As stated previously, every season has its:
- Dramatic Structure
- Dramatic Pace
- Dramatic Evolution
Now’s the time to turn our attention to its…
Before we get into the specific traits of season 1’s dramatic evolution, let’s talk a little about dramatic evolution as a general concept:
“Dramatic Evolution” really has two different meanings:
- It’s the way in which you successfully execute the different concerns of your “Dramatic Structure” and “Dramatic Pace.”
- It’s all about your story’s CORE CONCEPT and the specific way it evolves, season to season.
Let’s look at the first meaning:
“The way in which you successfully execute the different concerns of your ‘Dramatic Structure’ and ‘Dramatic Pace.'”
What this means, is that how you handle your dramatic structure and dramatic pace elements, creates a narrative evolution from season to season. It has to. As the story progresses, it will necessarily evolve.
For season 1 specifically, this type of evolution necessitates that you establish all the basics of your story:
- Your main characters.
- The central dynamics between your characters.
- The thematic ideas of your story.
- The basic plot.
And anything else that needs to be established.
Season 1 is the original chunk of your story. The one that everything else will either subvert or reinforce, moving forward. So you need to make those original things clear here in season 1, in order to develop them as you move forward.
Meaning number two for “Dramatic Evolution:”
“It’s all about your CORE CONCEPT and the specific way it evolves, season to season.”
It’s what your long form story is all about. The meaning of your story. The reason it is being told. The point. At its heart, it is an idea which every other element in your story is meant to help dramatize.
For demonstration purposes let’s put together a hypothetical show about Spider-Man.
Your show’s “core concept” could be all about: “Power.”
Fundamentally the point of the show is this idea of “power” and what it means.
This power concept is not the plot of the show, it’s not the character’s arc, it’s not the core conflict, it is a separate, underlining idea: the “core concept.”
The core concept can be tightly related to any one of these other aspects, but it still needs to be a separate idea unto itself. They can be closely related, but not the same.
Once you have your core concept, there’s the evolutionary process your core concept goes through as your story progresses. This “evolution” process is why there are 7 seasons in your long form story and why they are split up into 3 eras.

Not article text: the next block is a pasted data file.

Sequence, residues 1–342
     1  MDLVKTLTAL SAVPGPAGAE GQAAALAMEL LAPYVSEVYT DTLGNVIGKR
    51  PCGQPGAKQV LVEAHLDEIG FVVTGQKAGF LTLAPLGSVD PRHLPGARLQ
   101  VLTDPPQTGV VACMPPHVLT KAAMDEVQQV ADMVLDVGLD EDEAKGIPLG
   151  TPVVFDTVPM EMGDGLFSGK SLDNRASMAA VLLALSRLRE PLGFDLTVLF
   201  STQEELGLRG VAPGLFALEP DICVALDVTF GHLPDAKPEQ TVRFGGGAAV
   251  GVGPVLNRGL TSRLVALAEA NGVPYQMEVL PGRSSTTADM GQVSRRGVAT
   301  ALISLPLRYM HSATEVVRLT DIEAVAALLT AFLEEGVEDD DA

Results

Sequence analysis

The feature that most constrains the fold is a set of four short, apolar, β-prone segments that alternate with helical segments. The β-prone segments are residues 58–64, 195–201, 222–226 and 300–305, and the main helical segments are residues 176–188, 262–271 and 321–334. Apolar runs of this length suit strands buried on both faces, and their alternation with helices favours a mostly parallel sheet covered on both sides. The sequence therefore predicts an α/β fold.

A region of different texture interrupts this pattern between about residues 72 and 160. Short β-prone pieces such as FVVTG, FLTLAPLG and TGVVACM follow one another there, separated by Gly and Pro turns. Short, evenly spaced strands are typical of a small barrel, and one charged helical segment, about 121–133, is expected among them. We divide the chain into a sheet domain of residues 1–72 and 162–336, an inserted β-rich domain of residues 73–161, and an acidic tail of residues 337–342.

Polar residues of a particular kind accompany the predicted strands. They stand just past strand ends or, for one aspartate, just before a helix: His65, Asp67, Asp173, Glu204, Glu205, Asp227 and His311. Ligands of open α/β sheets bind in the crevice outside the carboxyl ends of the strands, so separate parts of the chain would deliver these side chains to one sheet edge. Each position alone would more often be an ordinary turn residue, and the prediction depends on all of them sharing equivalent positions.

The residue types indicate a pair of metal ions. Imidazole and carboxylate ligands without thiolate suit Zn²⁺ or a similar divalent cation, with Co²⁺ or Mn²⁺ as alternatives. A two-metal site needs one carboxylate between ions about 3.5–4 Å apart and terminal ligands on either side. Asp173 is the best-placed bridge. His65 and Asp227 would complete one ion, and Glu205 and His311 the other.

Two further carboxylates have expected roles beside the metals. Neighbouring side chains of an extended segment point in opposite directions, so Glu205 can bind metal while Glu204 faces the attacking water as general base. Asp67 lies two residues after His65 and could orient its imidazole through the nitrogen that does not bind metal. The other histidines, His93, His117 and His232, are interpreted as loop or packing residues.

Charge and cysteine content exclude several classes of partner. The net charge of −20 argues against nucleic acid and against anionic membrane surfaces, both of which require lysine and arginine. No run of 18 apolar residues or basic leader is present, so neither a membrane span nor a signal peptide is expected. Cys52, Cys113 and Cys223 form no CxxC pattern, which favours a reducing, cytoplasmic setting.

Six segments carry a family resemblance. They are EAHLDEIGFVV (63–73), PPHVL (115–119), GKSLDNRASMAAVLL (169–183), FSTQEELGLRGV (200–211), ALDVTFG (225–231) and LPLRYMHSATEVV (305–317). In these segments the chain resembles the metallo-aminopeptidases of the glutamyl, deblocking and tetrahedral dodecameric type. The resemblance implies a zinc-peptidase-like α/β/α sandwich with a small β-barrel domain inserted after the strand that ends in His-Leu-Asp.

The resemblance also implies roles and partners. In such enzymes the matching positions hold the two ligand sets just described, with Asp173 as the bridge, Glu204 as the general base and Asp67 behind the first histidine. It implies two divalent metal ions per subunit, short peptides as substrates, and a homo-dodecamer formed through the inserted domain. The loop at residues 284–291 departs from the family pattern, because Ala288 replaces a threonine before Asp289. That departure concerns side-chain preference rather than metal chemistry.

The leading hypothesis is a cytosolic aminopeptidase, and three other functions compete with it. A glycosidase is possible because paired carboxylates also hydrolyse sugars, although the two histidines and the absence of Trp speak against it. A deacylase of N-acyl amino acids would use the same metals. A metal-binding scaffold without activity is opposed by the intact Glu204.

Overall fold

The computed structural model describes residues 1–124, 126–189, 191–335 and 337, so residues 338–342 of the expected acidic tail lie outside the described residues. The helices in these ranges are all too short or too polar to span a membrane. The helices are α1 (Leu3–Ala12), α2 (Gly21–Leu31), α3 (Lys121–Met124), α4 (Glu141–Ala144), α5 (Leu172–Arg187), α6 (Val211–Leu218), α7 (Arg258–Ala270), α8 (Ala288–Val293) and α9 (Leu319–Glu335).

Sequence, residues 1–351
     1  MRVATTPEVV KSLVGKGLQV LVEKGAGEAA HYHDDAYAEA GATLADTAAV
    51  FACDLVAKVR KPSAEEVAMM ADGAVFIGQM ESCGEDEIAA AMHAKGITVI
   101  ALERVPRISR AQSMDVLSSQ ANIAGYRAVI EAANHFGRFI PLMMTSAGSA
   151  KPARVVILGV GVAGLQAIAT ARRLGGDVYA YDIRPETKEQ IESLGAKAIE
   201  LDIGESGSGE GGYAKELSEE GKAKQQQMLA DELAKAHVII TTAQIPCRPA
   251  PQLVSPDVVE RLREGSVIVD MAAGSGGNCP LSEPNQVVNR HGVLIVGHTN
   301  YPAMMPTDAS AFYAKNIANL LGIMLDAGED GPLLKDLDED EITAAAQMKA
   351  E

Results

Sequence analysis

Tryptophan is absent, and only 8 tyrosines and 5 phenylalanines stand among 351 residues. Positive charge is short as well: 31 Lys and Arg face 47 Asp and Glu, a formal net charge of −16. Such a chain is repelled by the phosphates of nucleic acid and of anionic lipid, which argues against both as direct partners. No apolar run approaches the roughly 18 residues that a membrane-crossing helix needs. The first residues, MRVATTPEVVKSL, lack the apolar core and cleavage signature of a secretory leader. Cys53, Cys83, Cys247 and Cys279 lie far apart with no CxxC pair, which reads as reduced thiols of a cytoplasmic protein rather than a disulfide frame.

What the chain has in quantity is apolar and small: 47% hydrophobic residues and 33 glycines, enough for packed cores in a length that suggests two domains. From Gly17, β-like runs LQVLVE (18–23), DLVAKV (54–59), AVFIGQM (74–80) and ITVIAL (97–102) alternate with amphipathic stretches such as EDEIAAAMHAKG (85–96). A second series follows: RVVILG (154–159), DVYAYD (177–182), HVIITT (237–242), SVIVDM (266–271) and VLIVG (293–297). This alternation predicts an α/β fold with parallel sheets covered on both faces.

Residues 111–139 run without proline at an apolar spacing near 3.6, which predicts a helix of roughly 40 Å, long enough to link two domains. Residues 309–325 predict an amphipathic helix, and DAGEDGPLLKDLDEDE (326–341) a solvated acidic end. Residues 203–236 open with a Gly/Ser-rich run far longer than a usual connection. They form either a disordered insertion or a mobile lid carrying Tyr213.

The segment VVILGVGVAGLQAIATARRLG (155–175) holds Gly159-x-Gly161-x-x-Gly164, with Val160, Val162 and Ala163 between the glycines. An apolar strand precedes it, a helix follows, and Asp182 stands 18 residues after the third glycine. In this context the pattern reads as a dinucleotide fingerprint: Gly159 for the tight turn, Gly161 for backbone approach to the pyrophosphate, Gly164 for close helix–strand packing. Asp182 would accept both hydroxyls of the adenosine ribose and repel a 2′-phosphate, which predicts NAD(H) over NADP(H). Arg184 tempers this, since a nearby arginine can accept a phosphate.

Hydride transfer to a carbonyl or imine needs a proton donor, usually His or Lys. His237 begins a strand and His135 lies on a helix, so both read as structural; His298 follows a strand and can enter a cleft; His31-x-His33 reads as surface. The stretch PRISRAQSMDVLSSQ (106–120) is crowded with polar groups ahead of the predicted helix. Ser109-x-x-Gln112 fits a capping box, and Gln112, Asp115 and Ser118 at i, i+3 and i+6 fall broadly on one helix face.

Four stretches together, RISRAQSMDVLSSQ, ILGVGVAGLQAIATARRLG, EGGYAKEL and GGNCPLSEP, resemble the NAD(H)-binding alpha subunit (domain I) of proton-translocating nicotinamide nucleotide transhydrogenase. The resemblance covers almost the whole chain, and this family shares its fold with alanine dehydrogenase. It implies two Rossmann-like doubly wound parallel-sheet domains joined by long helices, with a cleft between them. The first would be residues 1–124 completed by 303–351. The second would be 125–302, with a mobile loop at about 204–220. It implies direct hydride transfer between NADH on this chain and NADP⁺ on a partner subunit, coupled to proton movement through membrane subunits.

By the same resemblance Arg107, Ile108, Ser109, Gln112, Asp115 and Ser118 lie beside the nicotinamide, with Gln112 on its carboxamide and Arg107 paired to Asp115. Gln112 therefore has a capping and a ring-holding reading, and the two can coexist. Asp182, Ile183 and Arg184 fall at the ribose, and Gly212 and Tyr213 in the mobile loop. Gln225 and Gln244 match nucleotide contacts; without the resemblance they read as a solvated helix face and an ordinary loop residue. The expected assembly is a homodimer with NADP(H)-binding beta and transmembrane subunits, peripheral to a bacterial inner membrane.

Essentially, the structure of your story, pulses.
Each season does what it does, in response to what’s come before it. This is true both of the general dramatic concerns, as well as with the core concept.
The pulsing nature of your story’s dramatic evolution looks like this:
Season 1, establishes a THESIS.
Season 2, is then an ANTITHESIS of season 1.
Season 3, is then a SYNTHESIS of seasons 1 and 2.
Each era follows this “thesis,” “antithesis,” “synthesis” pattern.
When moving from one era into the next (ex: season 3 moving into season 4) the synthesis of the previous era acts as the thesis for the new era.
- Season 1: Thesis
- Season 2: Antithesis
- Season 3: Synthesis
Season 3 is also, simultaneously, the thesis for the new era.
- That makes season 4 an antithesis of season 3.
And season 5 is a synthesis of seasons 3 and 4.
- Season 5 is also, simultaneously, the new thesis.
- Season 6 is an antithesis
- Season 7 is the final synthesis.
To string it all together:
- Season 1: Thesis
- Season 2: Antithesis
- Season 3: Synthesis/Thesis
- Season 4: Antithesis
- Season 5: Synthesis/Thesis
- Season 6: Antithesis
- Season 7: Synthesis
This is the dramatic evolution of any story, being fueled by different expressions of a core concept.
So what does this mean for season 1 specifically?
There are two elements to season 1’s “Dramatic Evolution:”
- Beginning of Your 1st Era
Here you’re establishing your story’s thesis. Its establishing statement.
For our Spider-Man show, let’s say season 1 is all about:
“With great power, comes great responsibility.”
That’s your establishing theme, your “thesis” statement – as far as your core concept “power” is concerned.
Simple enough, eh?
You just take a look at your core concept, and decide what your establishing thesis is going to be, with regards to that concept. Here we went with the classic Spider-Man line. It’s all about responsibility.
Beginning of Your 1st Era
Season 1 is the beginning of your first era. The first piece in the season 1, 2, 3 block.
You need to pay specific attention to the developments you’re looking to deal with in your first era.
Your first era will have a continuity in circumstance, theme, character, etc. Season 1 is where you begin these things. Season 1 is where you establish these things.
Let’s take a look at the show Prison Break.
In the beginning of season 1, we learn that Lincoln Burrows has been convicted of a crime he did not commit. That lays the foundation for the entire series. It establishes their core concept:
Lincoln being falsely imprisoned is the initial injustice, and catalyst for all the events that follow.
Season 1 also establishes the general theme for the first era:
Season 1 is all about Michael Scofield planning and executing his escape from prison with his brother. It takes all season. But this prison theme is not restricted to just season 1. It’s the theme for the entire first era.
So in addressing this “Beginning of Your 1st Era” element, season 1 first establishes the overall core concept for the show – injustice. But then it also establishes the theme for the first era, specifically – “prison.” Setting it up for seasons 2 and 3 to partake in their version of this “prison” idea/theme moving forward.